GCSE English syllabuses for the 1998 examinations are currently landing with a dull thud in schools and colleges throughout England and Wales. Heads of English will be wooed by the GCSE examining groups, and in theory market forces will enable "consumers" to exercise choice.
But I suspect that this suggestion will be greeted with a hollow laugh by most teachers of English. More likely reactions will be: disbelief, that this is the new "simplified" key stage 4; apprehension, about motivating weaker pupils to meet the new requirements; and frustration, that we seem to have taken a further step away from consensus.
After three years of turmoil over tests at 14, why does the assessment of English look likely to prove contentious once again? If coursework limits formed the main topic of debate when key stage 4 English was introduced, one might have anticipated that on this occasion it would be the new tiering arrangements. However, the surprise item in the revised criteria was undoubtedly the long list of reading content to be assessed (as opposed to appearing in the curriculum).
In fact the problem of examining an over-prescriptive reading content had been waiting to surface since the English Order was revised in 1993. Six distinct assessment demands are made by the criteria for GCSE English; a Shakespeare play; at least one author from the national curriculum pre-1900 list; a "major" post-1900 author; text(s) from other cultures; non-fiction and media texts. Testing all this reading has somehow to be fitted in two hours of examination and two or three pieces of coursework (assuming that a similar space is left to assess a range of writing).
The various solutions to this say more about the ingenuity of syllabus constructors than about the principles of valid and reliable English examinations. Given the continued restriction of written coursework to 20 per cent, there is a striking imbalance between the range of reading required and the value attached to this in terms of assessment. While ensuring that some quite complex coursework demands are met, teachers will have to remember that grades will nonetheless depend largely on performance in the written papers. To put this into perspective, a coursework assignment on a Shakespeare play will probably equate in mark-weighing to 15 minutes' work in the examination.
Ironically, the net result may be a stereotyped and unadventurous reading diet dictated by the need to "tick off" the required assessment outcomes from an early point in the course. I somehow doubt that teachers will be pondering whether Dryden or Wyatt (what happened to Surrey?) will go down better with pupils; a short list of poems by Blake or Wordsworth will be the order of the day. Of particular concern must be the effect these constraints will have on the motivation of weaker pupils.
This all suggests a very different set of priorities from those being encouraged in vocational examinations. How will the core skills of reading and writing for a purpose be reconciled with these predominantly literary demands and with the emphasis on writing in examination conditions? It is particularly difficult to understand why mature students will also be asked to cover these national curriculum requirements in what is effectively a two-term course. How long will it be before we are asking whether this is helping or hindering efforts to raise national standards of literacy?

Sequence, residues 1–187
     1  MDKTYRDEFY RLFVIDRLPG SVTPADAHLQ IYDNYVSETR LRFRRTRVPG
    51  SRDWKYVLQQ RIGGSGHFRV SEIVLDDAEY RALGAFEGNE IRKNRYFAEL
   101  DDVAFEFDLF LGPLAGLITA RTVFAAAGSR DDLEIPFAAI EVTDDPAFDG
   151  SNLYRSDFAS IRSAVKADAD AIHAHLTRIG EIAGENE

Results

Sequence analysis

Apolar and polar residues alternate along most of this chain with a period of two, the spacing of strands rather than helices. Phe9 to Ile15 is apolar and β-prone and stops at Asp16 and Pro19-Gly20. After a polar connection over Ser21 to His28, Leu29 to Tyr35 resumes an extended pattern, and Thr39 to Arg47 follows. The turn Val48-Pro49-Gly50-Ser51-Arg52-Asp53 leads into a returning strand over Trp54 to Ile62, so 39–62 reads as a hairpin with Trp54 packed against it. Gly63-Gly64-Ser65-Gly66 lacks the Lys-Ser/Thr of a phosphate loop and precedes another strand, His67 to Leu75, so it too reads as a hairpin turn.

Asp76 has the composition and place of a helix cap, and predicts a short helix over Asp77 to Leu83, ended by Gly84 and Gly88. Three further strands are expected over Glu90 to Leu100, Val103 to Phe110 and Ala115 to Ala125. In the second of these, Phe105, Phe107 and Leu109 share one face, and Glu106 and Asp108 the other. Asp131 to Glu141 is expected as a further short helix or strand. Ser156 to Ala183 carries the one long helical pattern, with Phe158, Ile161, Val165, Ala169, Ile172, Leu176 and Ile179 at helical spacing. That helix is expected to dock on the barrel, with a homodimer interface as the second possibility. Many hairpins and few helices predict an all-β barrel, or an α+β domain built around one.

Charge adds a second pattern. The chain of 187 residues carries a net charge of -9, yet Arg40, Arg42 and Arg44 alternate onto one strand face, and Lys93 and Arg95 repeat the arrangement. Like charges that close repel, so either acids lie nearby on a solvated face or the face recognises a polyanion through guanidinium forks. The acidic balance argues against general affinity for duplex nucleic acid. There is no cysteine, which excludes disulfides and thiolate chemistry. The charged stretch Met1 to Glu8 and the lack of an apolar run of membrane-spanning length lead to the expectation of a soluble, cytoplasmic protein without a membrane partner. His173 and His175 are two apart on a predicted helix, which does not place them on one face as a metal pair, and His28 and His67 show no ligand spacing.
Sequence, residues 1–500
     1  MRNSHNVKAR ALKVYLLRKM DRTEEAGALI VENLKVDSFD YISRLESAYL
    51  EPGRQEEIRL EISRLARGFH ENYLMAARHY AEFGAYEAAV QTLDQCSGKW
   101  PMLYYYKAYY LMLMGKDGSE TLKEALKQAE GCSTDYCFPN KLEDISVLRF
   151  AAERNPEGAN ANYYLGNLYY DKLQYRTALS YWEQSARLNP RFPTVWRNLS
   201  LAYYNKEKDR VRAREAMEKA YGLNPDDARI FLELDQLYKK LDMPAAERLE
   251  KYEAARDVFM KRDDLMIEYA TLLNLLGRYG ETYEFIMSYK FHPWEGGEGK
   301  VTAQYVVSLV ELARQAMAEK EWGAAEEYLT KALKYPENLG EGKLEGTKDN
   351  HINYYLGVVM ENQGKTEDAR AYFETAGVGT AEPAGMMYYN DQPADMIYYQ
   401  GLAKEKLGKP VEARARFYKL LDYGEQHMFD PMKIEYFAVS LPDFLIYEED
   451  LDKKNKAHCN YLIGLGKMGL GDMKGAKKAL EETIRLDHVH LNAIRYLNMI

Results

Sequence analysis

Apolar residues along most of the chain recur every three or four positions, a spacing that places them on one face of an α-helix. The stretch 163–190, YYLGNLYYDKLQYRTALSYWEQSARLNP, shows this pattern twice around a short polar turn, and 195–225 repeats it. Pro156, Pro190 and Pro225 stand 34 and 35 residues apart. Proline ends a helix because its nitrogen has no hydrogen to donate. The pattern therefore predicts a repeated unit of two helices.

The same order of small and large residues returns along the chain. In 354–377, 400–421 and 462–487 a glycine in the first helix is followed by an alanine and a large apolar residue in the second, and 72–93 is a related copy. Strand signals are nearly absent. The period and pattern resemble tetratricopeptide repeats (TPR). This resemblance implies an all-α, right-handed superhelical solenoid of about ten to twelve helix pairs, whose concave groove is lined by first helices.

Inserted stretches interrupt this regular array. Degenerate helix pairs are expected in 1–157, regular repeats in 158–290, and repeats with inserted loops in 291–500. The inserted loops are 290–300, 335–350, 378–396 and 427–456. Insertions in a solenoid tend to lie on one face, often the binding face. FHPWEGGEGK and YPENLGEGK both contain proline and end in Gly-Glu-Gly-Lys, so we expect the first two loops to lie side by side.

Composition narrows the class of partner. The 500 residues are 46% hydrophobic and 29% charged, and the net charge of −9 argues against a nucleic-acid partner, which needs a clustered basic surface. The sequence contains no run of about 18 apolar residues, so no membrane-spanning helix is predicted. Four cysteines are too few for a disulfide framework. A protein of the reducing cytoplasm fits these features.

Although not many of us would have chosen to start from here, what should the priorities have been in translating some ambitious curriculum goals into GCSE criteria? Far more importance should have been attached to the criterion that will matter between this September and August 1998; the delivery of valid and reliable results through a system that is manageable for teachers, examiners, administrators and, not least, candidates. We simply cannot afford the painful learning process that is occurring at key stage 3.
One truism that does not seem to have been sufficiently appreciated is that all assessment is a sampling process. The sample of tasks in any one examination needs to reflect the range of content and skills asked for in the syllabus, but cannot claim to be comprehensive.
If the overload of reading can be blamed on the new English Order, it is more difficult to explain why the approach to assessment criteria in the new syllabuses seems to run counter to the key aim of simplification in the national curriculum revisions. Following the replacement of the Byzantine structure of Statements of Attainment, teachers may be somewhat surprised to find a proliferation of descriptions and grids in the 1998 syllabuses. After the time and effort spent chasing the will o'the wisp of definitive "grade criteria" and "domain attributes" in the early years of GCSE, it is disappointing to find how little seems to have been learnt from this experience.
Weary though they are of the frenetic pace of change during the past five years, many teachers of English must have very mixed feeling about the promised five year moratorium. Perhaps the recent announcement about the separate certification of speaking and listening (the third arrangement of this element in four years) suggests, however, that while pre-1900 texts now feature so much in GCSE English and English literature, the syllabuses themselves may have more trouble making it to 2000.
Why is it that an image from Animal Farm comes into my mind so often these days? Squealer lies stunned at the bottom of the ladder. The animals look in bemusement at the most recent version of the Commandments.
Arthur Parker is English Subject Officer to the Welsh Joint Education Committee. He writes here in a personal capacity.